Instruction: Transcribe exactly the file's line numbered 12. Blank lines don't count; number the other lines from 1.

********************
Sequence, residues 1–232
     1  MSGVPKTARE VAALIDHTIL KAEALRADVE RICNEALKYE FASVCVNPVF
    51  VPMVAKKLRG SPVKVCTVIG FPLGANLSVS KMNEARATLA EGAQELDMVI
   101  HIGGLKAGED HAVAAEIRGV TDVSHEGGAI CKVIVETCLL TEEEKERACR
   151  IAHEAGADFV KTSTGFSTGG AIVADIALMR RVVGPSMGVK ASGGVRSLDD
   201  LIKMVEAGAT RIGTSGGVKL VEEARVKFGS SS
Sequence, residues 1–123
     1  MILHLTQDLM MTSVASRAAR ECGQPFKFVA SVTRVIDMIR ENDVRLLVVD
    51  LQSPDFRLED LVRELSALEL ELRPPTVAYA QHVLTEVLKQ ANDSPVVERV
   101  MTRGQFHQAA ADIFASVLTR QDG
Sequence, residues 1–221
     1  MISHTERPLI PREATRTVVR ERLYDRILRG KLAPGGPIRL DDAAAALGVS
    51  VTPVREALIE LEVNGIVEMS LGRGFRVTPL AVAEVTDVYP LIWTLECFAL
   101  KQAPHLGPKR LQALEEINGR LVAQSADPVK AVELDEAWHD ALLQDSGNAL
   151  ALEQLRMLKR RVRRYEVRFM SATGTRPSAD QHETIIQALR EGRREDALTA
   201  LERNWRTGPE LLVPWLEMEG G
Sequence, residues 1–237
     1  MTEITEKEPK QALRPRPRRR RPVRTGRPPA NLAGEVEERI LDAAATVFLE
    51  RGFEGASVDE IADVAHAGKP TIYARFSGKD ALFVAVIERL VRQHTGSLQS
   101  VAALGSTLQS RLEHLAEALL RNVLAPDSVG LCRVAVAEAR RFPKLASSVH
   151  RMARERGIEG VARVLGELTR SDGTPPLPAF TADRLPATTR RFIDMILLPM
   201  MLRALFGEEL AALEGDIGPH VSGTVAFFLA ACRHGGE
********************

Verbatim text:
     1  MISHTERPLI PREATRTVVR ERLYDRILRG KLAPGGPIRL DDAAAALGVS